Short-course versus Long-course Preoperative Radiotherapy plus Delayed Surgery in the Treatment of Rectal Cancer

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Short-course versus Long-course Preoperative Radiotherapy plus Delayed Surgery in the Treatment of Rectal Cancer: a Meta-analysis

Abstract

Background: Short-course preoperative radiation (SCRT) with delayed surgery has been shown to increase pathologic complete response (pCR) rate in several trials. However, there was no clear answer on whether SCRT or long-course chemo-radiotherapy (LCRT) is more effective. Therefore we conducted this meta-analysis to evaluate the safety and efficacy of SCRT with delayed surgery versus LCRT with delayed surgery for treatment of rectal cancer.

Methods: Literatures were searched from PubMed, EMBASE, Web of science, Cochrane Library and clinicaltrials.gov up to August, 2014. Quality of the randomized controlled trials (RCTs) was evaluated according to the Cochrane’s risk of bias tool of RCT. The Grading of Recommendations Assessment, Development and Evaluation (GRADE) System was used to rate the level of evidence. ReviewManager 5.3 was used for statistical analysis. Pooled risk ratio (RR) and 95% confidence interval (CI) were calculated.

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Results: Four RCTs were included in the present systematic review. Three RCTs, with total of 357 rectal cancer patients, were included. Meta-analyses results demonstrated there were no significantly differences in sphincter preservation rate, local recurrence rate, grade 3~4 acute toxicity, R0 resection rate and downstaging rate. Compared with SCRT, LCRT significantly increased pCR rate [RR=0.49, 95%CI (0.31, 0.78), P=0.003].

Conclusions: In terms of sphincter preservation rate, local recurrence rate, grade 3~4 acute toxicity, R0 resection rate and downstaging rate, SCRT with delayed surgery is as effective as LCRT with delayed surgery for management of rectal cancer. LCRT significantly increased pCR rate compared with SCRT. Due to risk of bias and imprecision, further multi-center large sample RCTs were needed to confirm this conclusion.

Key words:rectal cancer; preoperative radiotherapy; chemo-radiotherapy; meta-analysis.

Introduction

Long-course chemo-radiotherapy (45~50 Gy in 25 fractions) with delayed surgery or short-course radiotherapy (25 Gy in 5 fractions) with immediate surgery were the most frequent regimens for the treatment of localized and locally advanced resectable rectal cancer (1-4). Compared with postoperative chemo-radiotherapy, this strategy improved local control and was associated with reduced toxicity and better compliance of radiotherapy (2, 5, 6). By comparing short-course preoperative radiotherapy with selective postoperative chemo-radiotherapy, the MRC (Medical Research Council) CR07 rectal trial provided further support for the short course regimen (5). Long-course preoperative chemo-radiotherapy (LCRT) of 50.4 Gy in 6 weeks and 5 days with concurrent chemotherapy has been widely used in the last decades. This regimen’s superiority, in terms of local control, was demonstrated in the German rectal cancer trial, when compared with postoperative chemo-radiotherapy (2, 7). In fact, the optimal timing interval of surgery remains controversial. Short-course preoperative radiation with delayed surgery has been shown to increase pathologic complete response (pCR) rate and induce tumour down-staging rate in both randomized and observational studies in recent years (8-10).

To date, many studies have explore whether SCRT or LCRT is more effective neoadjuvant modality to improve outcomes for localized and locally advanced rectal cancer [11-14], but the results were heterogeneous. (11-14). On the one hand, the benefit of the short-course schedule is less expensive and more convenient, especially in centers with a long waiting list or lack of medical resources (15). On the other hand, long-course chemo-radiation might be better than the short-course irradiation schedule at increasing pathologic complete response (pCR) and R0 resection rate (15), because the tumor bulk might be reduced before surgery. Therefore we performed this systematic review and meta-analysis to fully analyze the safety and efficacy of SCRT with delayed surgery versus LCRT with delayed surgery as a modality for the management of rectal cancer.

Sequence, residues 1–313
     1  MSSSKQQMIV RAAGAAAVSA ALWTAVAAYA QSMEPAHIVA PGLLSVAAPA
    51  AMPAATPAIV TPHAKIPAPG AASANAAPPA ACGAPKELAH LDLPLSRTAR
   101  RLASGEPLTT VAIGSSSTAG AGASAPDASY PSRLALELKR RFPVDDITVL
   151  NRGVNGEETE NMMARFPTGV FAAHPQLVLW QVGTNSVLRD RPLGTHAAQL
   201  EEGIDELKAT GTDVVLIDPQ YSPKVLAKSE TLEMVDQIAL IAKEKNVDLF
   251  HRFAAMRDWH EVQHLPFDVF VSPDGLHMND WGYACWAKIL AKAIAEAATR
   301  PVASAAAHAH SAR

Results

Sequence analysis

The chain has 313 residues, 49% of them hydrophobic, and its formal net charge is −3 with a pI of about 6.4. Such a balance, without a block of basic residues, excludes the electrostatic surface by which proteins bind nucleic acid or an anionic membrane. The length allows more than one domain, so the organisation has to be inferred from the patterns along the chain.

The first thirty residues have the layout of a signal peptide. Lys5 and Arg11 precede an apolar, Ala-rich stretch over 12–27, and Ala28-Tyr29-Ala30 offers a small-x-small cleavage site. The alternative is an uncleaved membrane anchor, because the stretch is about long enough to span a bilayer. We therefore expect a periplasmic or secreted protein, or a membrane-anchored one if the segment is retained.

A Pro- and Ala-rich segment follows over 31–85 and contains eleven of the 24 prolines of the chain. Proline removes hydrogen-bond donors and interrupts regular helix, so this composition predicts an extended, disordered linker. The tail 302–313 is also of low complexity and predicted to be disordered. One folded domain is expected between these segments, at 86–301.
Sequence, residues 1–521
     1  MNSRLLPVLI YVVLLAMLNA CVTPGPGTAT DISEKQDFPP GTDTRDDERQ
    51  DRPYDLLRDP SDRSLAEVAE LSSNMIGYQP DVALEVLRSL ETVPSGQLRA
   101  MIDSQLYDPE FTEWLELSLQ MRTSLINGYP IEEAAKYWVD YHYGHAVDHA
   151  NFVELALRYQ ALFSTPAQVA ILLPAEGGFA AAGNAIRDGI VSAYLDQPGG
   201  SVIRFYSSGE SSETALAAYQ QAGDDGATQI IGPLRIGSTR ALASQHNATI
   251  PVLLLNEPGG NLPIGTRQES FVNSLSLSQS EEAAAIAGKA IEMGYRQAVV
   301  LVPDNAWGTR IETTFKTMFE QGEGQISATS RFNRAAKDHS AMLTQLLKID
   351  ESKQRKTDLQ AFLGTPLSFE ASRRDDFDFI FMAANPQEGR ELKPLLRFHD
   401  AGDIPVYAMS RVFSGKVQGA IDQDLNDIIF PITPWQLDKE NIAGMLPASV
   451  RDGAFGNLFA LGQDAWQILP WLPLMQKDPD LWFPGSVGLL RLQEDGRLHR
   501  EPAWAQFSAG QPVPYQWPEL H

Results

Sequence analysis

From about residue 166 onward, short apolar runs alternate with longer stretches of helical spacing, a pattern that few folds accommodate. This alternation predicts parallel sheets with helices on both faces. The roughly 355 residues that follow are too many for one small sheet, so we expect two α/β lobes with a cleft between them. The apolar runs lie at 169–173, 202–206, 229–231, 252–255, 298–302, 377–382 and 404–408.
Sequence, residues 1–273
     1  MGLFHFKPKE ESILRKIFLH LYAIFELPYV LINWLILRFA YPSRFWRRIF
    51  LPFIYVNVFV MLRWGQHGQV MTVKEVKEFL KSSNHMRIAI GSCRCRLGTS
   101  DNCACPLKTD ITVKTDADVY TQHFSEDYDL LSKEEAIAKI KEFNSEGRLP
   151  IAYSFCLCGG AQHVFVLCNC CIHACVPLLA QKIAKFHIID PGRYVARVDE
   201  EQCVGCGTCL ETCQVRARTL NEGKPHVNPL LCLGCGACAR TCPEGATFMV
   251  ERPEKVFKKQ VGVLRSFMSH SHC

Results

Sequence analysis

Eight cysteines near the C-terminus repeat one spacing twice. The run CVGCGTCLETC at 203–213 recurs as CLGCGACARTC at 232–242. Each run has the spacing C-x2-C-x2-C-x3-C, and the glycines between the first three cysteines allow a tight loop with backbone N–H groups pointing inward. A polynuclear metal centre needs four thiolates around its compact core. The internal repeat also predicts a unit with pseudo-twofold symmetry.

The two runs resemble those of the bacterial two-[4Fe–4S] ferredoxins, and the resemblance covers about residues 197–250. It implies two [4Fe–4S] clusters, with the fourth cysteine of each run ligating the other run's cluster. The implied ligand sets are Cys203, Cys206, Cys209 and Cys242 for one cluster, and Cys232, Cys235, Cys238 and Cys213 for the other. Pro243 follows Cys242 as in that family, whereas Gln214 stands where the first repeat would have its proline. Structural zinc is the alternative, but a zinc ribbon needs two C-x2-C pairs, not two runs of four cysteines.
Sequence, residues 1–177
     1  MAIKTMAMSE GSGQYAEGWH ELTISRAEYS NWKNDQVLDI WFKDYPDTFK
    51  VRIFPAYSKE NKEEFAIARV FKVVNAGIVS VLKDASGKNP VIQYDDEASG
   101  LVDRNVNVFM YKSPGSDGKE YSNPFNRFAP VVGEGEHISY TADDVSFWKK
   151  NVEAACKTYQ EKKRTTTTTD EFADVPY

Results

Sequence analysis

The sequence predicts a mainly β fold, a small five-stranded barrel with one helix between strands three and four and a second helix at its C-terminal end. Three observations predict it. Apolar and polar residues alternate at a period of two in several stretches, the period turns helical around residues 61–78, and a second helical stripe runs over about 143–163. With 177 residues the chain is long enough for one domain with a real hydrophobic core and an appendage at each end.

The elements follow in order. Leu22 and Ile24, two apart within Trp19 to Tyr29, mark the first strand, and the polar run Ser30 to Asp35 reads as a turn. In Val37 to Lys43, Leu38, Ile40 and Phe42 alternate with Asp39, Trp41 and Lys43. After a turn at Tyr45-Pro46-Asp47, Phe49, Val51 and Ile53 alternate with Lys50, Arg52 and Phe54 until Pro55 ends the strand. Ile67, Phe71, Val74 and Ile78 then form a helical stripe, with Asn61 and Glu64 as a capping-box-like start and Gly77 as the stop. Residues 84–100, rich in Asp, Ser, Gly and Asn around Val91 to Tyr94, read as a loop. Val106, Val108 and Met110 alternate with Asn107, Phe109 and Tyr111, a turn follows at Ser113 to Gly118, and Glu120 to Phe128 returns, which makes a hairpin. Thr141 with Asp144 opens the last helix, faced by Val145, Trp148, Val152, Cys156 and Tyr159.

Methods

Inclusion criteria

Studies would be included in systematic review if they met the following criteria: (1) Participants: All the patients that were diagnosed as localized and locally advanced resectable rectal cancer using pathology and cytology were included in systematic review. Metastatic rectal cancer patients were excluded. All the patients did not have serious cardiopulmonary diseases and other severe underlying diseases. (2) Interventions and comparisons: Comparing the efficacy and safety of short-course radiotherapy with delayed surgery +/- adjuvant chemotherapy versus long-course radiotherapy or chemo-radiotherapy with delayed surgery +/- adjuvant chemotherapy for treatment of rectal cancer.Short-course radiotherapy was not more than one week, and long-course radiotherapy should be more than 4 weeks at least. Total dose of short-course was at least more than 20 Gy, and long-course surpassed 45 Gy. Timing interval of surgery was more than 4 weeks either SCRT or LCRT arms. (3) Outcomes: The following outcomes were evaluated: sphincter preservation rate, R0 resection rate, Downstaging (T stage decreased) rate, pCR rate, local recurrence rate and grade 3~4 acute toxicity. (4) Study design: randomized control trials (RCTs).

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We excluded the following articles: (1) The design of the study was not randomized controlled trials, for example, retrospective study, case series or case report etc.; (2) The study had repeated data or did not report outcomes of interest; (3) Non-original research, such as review, comments etc.; (4) Short-course radiotherapy was more than one week, or long-course radiotherapy less than 4 weeks. Total dose of short-course was less than 20 Gy, or long-course less than 45 Gy. Timing interval of surgery was less than 4 weeks either SCRT or LCRT arms.

Eligibility assessment was performed independently in a non-blinded standardized manner by 2 reviewers. Any disagreement between two authors was resolved by discussion..

Literature search